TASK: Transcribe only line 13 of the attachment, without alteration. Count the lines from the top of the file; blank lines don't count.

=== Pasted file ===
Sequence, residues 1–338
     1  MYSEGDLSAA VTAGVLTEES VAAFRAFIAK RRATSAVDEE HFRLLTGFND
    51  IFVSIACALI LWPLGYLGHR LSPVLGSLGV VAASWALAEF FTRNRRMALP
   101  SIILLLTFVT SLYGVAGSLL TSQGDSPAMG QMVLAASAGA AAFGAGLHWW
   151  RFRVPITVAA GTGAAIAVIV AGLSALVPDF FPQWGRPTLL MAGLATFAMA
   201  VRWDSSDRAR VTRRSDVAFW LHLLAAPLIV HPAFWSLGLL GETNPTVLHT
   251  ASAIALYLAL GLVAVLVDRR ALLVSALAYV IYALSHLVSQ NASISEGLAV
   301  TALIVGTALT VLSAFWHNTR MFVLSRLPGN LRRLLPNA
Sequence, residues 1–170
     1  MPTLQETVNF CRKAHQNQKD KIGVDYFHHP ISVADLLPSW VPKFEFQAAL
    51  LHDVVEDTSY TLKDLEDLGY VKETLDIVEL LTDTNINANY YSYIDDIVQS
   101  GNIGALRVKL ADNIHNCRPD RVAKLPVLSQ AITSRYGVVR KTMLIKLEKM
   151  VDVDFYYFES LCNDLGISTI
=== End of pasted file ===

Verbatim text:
   151  VDVDFYYFES LCNDLGISTI